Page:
Our World is Ended is a kitschy, sci-fi visual novel about a group of video game developers who accidentally warp reality through augmented reality technology. Under certain conditions, the team known as Judgment Seven blends the real world of Tokyo’s Asakusa district with the worlds of its video games, and existing in that space may or may not be a battle of survival. In the meantime, as protagonist Reiji and his co-workers figure out what the heck is going on, they spend a lot of time yelling about boobs.
VR + AR – HR
As I look back on it, I feel like Our World is Ended is what happens if you toss anime and something like It’s Always Sunny in Philadelphia into a blender. With this title, you get a lot of easy, breezy anime tropes, combined with a cast of characters that are comically horrible people. I say that, because that’s how the game presents them. Everyone in the core cast is an idiot, an aggressive pervert (Judgment Seven clearly doesn’t have an HR department), or both, and the writing and story are hyper aware of that. The appeal here is in how excessive each personality is and what happens when they clash. The constant boob jokes you’ll encounter wear thin quickly, but the characters yelling at each other while still somehow advancing the plot can be fun.
It would be nice, however, if the plot advancement didn’t happen at such a glacial pace. Our World is Ended often feels more interested in the mechanics and romantic aspects of the prototypical visual novel. Which characters the story ends up revolving around changes as the player makes various choices along the way. There’s more service done to this part of the game, especially within the first several chapters, than anything else. While the setup in the first few hours of Our World is Ended is briskly paced and introduces the world and characters well, the story ends up forgetting to, well, happen for several hours at a time. Everyone seems far more interested in wacky conversations.
The effect of that is a lack of focus, which makes the actual hook of Our World is Ended very weak. The story constantly screeches to a halt before it can even really start developing. Visual novels can often be long and take forever to get from one major plot beat to another, but Our World is Ended struggles to establish what each plot beat even is and why they matter. Titles such as Fate/Stay Night, Steins;Gate, and Root Letter do a much better job at doing both, but focusing on characters deliberately meant to be exaggerated and unlikable doesn’t lend itself well to driving the drama.
What Our World is Ended often banks on is its personality. The art is striking, with lots of bright, pastel colors and bizarre little touches everywhere that make even the real world in the game seem stranger than our own. It can be genuinely funny when the scenario doesn’t involve characters screaming at each other over pervert gags for the 100th time. It’s also really dialed in to Japanese gaming culture, so if you have interest or experience in that realm, you might get a kick out of how Our World is Ended understands that space.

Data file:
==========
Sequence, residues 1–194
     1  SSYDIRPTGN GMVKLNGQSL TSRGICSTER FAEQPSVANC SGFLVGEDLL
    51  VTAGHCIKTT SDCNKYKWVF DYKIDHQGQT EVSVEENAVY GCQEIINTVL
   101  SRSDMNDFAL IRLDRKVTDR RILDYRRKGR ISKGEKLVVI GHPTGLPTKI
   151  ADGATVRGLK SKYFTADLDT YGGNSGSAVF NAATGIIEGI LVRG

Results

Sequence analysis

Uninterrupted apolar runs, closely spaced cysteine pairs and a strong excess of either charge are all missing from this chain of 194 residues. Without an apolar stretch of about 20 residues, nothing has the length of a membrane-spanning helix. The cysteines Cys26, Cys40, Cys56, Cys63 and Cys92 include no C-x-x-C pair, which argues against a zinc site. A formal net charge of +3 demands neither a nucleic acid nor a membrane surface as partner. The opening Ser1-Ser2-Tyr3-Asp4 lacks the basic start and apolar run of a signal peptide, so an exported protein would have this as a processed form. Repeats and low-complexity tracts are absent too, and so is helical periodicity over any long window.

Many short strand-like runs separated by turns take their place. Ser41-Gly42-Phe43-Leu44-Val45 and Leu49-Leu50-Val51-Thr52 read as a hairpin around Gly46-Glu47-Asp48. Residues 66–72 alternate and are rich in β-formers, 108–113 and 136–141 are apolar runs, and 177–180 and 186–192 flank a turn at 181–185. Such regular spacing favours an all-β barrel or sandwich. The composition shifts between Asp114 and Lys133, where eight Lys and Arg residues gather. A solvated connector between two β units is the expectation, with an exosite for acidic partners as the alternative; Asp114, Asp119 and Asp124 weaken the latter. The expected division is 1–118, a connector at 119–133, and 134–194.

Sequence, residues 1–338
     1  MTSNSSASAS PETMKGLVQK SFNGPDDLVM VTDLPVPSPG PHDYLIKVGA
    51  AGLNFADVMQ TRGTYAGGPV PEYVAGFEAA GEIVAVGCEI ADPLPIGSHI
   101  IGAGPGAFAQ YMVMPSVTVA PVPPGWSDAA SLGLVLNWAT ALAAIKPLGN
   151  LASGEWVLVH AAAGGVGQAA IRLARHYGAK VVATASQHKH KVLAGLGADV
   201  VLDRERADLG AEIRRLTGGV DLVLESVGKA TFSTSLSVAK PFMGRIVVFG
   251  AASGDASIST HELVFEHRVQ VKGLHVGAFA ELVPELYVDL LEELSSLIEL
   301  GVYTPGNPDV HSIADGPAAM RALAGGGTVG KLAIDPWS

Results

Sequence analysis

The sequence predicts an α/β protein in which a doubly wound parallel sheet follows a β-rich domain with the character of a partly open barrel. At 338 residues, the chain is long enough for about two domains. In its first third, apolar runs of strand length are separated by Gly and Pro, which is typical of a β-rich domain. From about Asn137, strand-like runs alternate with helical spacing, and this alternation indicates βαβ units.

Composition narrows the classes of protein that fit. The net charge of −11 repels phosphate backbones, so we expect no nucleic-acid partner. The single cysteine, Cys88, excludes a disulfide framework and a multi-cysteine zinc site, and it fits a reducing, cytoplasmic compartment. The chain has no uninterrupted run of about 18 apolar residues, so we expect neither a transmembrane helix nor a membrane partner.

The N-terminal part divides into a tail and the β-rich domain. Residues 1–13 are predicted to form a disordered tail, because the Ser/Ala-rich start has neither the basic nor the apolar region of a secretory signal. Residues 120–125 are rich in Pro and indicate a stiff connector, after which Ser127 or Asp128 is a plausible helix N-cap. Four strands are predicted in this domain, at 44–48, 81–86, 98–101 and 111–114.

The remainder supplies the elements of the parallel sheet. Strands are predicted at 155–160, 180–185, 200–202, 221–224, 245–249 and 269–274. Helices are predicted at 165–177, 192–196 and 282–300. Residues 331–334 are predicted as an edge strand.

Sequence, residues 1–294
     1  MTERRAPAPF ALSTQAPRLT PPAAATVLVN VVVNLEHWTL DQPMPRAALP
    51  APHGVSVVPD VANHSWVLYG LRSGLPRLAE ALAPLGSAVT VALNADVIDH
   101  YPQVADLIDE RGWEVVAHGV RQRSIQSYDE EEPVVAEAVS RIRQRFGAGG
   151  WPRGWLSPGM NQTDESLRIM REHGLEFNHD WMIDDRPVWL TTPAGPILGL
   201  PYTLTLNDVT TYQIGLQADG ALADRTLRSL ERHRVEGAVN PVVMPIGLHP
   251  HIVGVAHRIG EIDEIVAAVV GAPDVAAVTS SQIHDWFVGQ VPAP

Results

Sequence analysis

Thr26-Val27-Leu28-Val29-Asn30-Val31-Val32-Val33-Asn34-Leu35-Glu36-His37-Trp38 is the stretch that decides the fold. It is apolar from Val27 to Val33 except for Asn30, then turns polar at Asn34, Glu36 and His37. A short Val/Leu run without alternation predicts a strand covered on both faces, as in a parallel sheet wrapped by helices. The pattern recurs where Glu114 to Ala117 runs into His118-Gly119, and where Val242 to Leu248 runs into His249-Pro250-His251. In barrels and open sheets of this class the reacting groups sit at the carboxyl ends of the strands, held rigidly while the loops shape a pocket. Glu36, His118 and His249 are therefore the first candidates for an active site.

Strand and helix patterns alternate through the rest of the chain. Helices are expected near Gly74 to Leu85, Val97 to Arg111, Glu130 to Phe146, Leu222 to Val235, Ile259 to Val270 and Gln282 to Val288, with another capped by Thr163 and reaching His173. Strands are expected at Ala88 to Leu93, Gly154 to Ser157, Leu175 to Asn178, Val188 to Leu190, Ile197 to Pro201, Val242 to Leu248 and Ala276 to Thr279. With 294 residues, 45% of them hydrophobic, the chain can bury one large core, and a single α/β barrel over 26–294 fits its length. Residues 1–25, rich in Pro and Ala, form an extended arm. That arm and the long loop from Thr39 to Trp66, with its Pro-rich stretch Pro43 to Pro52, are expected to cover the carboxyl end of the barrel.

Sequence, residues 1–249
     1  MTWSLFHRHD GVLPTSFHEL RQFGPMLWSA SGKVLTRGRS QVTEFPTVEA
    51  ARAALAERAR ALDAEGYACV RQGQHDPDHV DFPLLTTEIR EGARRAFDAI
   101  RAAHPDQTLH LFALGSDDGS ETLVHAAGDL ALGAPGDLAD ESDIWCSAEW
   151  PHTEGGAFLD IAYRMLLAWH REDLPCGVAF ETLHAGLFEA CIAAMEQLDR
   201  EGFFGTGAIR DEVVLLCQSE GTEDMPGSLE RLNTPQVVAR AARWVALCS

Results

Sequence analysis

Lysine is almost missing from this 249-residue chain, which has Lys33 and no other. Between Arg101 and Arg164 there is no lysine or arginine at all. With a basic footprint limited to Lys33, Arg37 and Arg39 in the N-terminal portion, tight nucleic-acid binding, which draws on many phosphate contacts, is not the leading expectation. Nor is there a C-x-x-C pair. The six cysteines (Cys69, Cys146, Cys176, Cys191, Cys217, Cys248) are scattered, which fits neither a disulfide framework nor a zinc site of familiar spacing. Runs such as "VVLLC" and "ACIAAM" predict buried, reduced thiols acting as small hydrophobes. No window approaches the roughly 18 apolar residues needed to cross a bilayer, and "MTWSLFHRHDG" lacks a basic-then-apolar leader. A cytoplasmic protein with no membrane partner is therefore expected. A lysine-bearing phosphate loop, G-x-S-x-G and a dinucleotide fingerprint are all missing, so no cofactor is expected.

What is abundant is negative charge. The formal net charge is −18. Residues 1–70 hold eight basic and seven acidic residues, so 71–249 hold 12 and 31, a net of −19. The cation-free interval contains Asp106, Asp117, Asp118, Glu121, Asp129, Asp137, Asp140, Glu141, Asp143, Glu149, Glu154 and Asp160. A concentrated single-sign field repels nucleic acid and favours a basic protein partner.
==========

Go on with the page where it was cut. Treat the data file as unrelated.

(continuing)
This plays into the “Selection of Soul” system. It sometimes turns those typical, story altering player choices into Nico Nico video comments, with words flying across the screen nearly as fast as you can read them. There are also normal, multiple choice options, which makes the Selection of Soul moments feel arbitrary. As far as a running gag goes, it works.
Our World is Present and Accounted For
Again, the ultimate issue with Our World is Ended is its lack of confidence in its own story. It sort of assumes the player is more interested in Judgement Seven’s antics over the sci-fi stuff, and as a result takes forever to actually do anything with it. Hours in real-world time will pass between story beats that develop the overall plot. Meanwhile, everything in-between feels pedestrian, like it’s obvious the player is jumping into a visual novel to eke out character routes as their main goal. The pause screen even displays the top three characters the player has garnered favor with, as if to suggest the “video game” parts of a visual novel are more important than the story, instead of both aspects being designed to feed each other.
In another timeline, there’s a version of Our World is Ended that’s a little punchier and that takes a little less time to introduce some stakes or conflict for Reiji and the rest of his Scooby gang. Those stakes drive the plot forward, and occasionally there are breaks to expand on the characters, their backgrounds, and the antics driven by big personalities attempting to forge relationships. Instead, Our World is Ended feels like an opportunity to tell an off-kilter sci-fi story like Danganronpa or Zero Escape a little differently, then falls flat by leaning too hard on tropes and superficial mechanics. Despite its brazen disregard for social appearances, Our World is Ended lacks drive and confidence needed to help a weird story come together in the end.
Our World is Ended review code provided by publisher. Version 1.00 reviewed on a Standard PS4. For more information on scoring please see our Review Policy here.